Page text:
The storyline is threadbare. One April afternoon, Olga, a woman of 38, finds herself suddenly and inexplicably dumped by her husband Mario. A man whom she had loved sincerely, for whom she had put her own career on hold, with whom she had two young children, and who had grown to become the fulcrum of her existence, exits. At first in denial, she persuades herself that this is at most a temporary aberration, or an “absence of sense” as he had occasionally shown in the past, and that he would inevitably return. His wilful duplicity is however revealed when she discovers that a pretty young woman has been in his life for some years. Age supplanted by youth in man’s quest for (carnal) gratification.

Grappling with her changed reality, she is frequently accosted by the memory of the poverella from the neighbourhood where she grew up, the abandoned wife who slides from happy well-being to impoverished desolation and ultimately commits suicide.

The days and months that follow are a painful but failing struggle to retain a semblance of normalcy, to go through all the routine steps of living each day, both for herself and for her children. And then one horridly hot day in August, the day after a bizarre sexual escapade with her cellist neighbour, she finds herself physically and mentally trapped in her apartment. Suffering from a deep derangement, disturbing hallucinations, a spiralling down into a dark abyss of rage, anguish and despair, she battles through and thankfully resurfaces to retrieve her sanity. This newfound mental equilibrium, though precarious, is supported by a clear realisation that she no longer loves her husband, and by a desire to return to the essence of her earlier self by effacing all of his impressions on her personality.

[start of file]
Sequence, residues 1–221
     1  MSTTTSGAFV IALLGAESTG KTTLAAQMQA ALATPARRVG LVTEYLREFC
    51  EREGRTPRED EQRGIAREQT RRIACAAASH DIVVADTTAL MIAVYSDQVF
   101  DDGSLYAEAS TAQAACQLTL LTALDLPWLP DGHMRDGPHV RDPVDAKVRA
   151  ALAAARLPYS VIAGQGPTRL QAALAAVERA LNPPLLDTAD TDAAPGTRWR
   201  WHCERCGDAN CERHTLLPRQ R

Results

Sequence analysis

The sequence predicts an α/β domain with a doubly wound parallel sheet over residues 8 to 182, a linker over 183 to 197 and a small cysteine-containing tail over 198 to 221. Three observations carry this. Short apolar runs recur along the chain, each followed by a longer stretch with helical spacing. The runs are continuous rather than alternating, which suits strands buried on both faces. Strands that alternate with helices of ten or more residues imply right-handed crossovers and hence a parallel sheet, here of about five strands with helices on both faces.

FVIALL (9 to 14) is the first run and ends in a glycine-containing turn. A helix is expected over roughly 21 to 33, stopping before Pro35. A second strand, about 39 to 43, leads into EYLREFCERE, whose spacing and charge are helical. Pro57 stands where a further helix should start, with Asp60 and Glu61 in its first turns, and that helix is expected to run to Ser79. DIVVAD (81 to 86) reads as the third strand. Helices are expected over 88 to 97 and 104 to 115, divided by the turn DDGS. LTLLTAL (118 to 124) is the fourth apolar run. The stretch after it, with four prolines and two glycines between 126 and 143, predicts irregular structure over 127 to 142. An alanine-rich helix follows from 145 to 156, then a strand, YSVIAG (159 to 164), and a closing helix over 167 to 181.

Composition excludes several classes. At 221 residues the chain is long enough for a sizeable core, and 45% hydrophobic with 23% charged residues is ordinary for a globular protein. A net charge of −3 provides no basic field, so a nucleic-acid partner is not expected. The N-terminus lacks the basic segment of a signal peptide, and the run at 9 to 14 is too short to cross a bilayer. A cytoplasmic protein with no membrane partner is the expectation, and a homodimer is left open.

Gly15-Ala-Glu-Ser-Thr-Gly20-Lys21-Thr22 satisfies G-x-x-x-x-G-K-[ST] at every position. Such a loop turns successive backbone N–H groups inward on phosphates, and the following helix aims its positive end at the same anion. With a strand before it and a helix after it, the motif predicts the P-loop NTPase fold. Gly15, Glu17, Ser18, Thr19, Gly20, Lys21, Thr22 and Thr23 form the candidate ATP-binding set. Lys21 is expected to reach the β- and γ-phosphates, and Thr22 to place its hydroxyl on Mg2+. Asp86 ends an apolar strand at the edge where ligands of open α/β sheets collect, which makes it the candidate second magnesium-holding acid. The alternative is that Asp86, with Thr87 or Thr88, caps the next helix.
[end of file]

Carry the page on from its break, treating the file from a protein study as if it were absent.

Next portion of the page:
Ferrante places the woman’s psyche under a gigantic microscope, ferreting out with forensic precision its multiple layers, facets and complexities. There were several instances in the first half of the book when I felt like screaming at Olga in frustration. Woman! Get a grip! And a life of your own! But therein lies Ferrante’s genius, ruthlessly exposing the man centric whorls of the protagonist’s life, her pitiable lack of self-esteem, her defining her very raison d’être through her husband, and her abject confusion on desertion, and then delving so deep into her agony that one suspects it to be her own. One needs to have both loved and lost to depict in such elaborately textured and resonant detail all the nuances of that suffering.

The writing is brilliant. Simple language, raw at times in matching Olga’s naked pain and anger, hard-hitting in the portrayal of man-woman relationships, examining the mother and child dynamics without placing motherhood on its customary virtuous pedestal, and rutally explicit in describing sexual episodes. Little actually happens in terms of events or narrative, Mario and his girlfriend hovering mostly on the periphery of her real space though completely swamping her mind and heart. Yet there is a pace in the writing that keeps in step with Olga’s accentuating mental turmoil, shifting gears from an even rhythm in the opening chapters, upping the momentum when she gives in to a maniacal rage on seeing Mario and Carla together, and then hurtling through during the crescendo of her near breakdown.